Amy: With the January topic for example, I thought about all of the issues and valuable conversations that could come from a discussion on the topic and then boiled those down to the open-ended questions that would invite such issues or conversations to emerge.

    • Hot tip: I posted the questions the morning-of in the original blog post so that I had them to refer to.


    How do you keep the conversation going?

    Amy: I tried to pace questions about every 15-30 min, depending on how the tweet stream was going.  I also never, I don’t think, actually answered a question myself…

    Hot tip: …(ask) people to dive deeper into their comments or further explain their thoughts – that…(means)…a one tweet answer would become 4 tweets of explanation that others…(can)…comment on.

    Tom: With good questions and some good guests conversation seems to flow pretty naturally. You’ll know when it’s time to move to the next question based on the volume and quality of the conversation going on, but once you do I think moving clearly on to the next question is critical, otherwise the conversation bleeds too much (it will always do this a bit) and becomes confusing.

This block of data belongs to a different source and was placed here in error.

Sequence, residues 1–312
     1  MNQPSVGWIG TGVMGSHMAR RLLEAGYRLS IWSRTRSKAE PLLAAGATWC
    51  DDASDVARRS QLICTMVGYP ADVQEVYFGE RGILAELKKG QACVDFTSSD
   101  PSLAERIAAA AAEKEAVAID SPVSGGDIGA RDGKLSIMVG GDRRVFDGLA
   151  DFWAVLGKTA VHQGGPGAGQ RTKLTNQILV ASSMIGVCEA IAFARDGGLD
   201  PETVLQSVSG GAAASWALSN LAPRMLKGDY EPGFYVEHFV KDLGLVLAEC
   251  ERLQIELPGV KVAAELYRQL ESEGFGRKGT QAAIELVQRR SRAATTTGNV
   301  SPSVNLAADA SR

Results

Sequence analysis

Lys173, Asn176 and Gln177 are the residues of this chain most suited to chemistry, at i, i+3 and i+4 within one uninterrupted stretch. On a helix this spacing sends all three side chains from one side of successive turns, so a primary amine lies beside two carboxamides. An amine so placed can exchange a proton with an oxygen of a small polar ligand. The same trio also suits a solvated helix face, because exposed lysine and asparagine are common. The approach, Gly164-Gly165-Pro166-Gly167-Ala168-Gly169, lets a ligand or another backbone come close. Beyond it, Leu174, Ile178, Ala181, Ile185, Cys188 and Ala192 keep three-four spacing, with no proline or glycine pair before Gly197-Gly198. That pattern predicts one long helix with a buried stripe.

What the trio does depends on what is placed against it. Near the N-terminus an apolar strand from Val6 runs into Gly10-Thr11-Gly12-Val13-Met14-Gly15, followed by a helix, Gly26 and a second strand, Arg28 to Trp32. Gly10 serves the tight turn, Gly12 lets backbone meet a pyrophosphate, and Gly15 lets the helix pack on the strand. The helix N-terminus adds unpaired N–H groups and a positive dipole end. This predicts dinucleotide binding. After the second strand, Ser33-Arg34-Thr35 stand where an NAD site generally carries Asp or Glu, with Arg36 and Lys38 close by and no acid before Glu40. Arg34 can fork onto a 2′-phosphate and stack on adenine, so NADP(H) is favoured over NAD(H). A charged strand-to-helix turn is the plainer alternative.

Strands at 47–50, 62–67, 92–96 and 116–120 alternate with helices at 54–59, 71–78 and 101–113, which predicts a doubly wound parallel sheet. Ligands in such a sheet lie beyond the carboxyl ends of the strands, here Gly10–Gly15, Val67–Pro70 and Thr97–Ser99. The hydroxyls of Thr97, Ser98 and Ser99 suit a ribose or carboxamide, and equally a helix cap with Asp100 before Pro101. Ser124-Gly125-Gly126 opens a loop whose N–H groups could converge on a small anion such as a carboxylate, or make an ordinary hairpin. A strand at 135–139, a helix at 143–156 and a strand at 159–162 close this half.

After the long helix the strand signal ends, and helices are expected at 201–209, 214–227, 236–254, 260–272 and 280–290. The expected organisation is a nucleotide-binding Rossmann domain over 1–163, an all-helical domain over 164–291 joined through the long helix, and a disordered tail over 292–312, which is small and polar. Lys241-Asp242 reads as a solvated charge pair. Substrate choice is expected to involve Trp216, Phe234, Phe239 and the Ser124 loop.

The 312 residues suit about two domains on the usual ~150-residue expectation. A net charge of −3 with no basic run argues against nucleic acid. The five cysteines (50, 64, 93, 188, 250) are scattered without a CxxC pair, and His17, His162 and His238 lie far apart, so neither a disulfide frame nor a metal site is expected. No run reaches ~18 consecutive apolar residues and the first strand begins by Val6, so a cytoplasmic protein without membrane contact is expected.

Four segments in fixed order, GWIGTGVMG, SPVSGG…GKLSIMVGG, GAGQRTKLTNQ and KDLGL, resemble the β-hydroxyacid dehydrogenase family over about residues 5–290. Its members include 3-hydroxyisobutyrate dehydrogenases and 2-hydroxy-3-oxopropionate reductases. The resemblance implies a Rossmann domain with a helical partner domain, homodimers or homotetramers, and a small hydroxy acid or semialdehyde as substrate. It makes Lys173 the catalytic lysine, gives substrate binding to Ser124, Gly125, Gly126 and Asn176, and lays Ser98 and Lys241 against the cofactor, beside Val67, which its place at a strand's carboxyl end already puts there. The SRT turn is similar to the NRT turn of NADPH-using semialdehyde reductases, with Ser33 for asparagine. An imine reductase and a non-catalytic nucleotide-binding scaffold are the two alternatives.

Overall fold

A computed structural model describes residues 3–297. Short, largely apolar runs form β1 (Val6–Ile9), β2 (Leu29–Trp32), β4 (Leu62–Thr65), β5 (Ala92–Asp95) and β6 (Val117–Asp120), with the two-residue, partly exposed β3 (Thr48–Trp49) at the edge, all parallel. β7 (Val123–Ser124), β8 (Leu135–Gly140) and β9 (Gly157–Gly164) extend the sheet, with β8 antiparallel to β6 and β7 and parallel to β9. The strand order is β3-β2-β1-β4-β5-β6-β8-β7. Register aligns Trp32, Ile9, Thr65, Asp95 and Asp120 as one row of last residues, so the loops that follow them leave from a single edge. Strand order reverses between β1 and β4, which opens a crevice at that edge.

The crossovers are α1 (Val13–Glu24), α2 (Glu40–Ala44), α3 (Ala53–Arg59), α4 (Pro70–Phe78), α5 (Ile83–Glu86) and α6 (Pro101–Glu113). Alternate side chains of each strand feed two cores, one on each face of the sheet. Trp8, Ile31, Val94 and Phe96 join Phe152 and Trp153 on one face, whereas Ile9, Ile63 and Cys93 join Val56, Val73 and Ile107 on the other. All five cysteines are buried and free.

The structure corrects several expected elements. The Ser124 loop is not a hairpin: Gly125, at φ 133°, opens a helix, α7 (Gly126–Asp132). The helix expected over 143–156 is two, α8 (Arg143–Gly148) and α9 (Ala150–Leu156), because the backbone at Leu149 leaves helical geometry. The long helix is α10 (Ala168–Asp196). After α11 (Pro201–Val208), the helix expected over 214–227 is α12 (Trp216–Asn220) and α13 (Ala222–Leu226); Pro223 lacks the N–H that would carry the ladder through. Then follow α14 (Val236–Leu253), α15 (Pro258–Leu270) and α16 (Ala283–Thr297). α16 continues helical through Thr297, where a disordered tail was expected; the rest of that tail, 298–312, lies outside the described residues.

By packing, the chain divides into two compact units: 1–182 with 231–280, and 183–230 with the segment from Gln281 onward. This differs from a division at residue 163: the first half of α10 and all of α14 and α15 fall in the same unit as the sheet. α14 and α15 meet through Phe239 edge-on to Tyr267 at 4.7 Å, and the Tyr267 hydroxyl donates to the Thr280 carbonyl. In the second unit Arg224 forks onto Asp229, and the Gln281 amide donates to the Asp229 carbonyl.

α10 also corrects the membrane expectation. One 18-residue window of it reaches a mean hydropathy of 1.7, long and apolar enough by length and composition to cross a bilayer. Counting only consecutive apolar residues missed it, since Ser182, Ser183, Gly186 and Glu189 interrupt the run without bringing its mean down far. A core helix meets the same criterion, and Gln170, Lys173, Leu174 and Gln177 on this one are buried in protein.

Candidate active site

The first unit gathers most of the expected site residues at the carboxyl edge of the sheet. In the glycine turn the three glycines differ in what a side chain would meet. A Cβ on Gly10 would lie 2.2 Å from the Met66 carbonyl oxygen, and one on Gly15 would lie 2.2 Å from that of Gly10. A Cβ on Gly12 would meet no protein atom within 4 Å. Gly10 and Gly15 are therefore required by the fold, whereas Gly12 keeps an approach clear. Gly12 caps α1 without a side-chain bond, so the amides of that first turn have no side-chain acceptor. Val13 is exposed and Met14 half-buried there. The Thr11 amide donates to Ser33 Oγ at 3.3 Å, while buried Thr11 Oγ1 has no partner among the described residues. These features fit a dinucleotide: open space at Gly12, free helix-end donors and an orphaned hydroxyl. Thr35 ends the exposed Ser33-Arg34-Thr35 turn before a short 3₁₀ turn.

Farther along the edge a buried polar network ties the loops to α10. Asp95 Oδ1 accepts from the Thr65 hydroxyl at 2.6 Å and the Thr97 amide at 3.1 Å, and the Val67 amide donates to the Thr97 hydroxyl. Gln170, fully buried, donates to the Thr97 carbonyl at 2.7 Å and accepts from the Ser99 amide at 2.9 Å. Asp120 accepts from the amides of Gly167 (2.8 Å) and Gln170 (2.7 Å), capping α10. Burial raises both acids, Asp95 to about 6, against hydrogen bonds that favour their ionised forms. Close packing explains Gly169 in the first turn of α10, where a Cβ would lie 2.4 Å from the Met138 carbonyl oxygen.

Hot tip: monitor the volume and quality of the conversation constantly.  That way, you’ll know when it’s time to move on to the next question.

    Tash: Once the conversation starts, I think it’s a matter of watching the discussion level and adapting the question flow to that.  As Amy says, asking people to expand on particular points or provide case studies can also be a way to draw out conversation rather than going on to the next question.

    Eddie: moderate talking through backchannels (Skype, GChat) – to anticipate/coordinate should any problems arise. Identify two or three key learning outcomes/action points.  Parapharsing and reflecting conversation – ensure ppl understand tweets. (through RTs and questions).

    • Hot tip: have a back channel set up with your core staff to anticipate/coordinate should the need arise.  Twitter has been known to fail…


    In Closing

    I’d also like to add a note about follow up.  It’s good to say thank you to all participants (you are still demanding peoples’ ideas and attention).  It should also go without saying that a ‘recap’ should be written by the moderator highlighting some key take-aways from the conversation.

    Hot tip: as a final question, ask what key ‘take aways’ participant had from the conversation – it’ll make writing that recap much easier!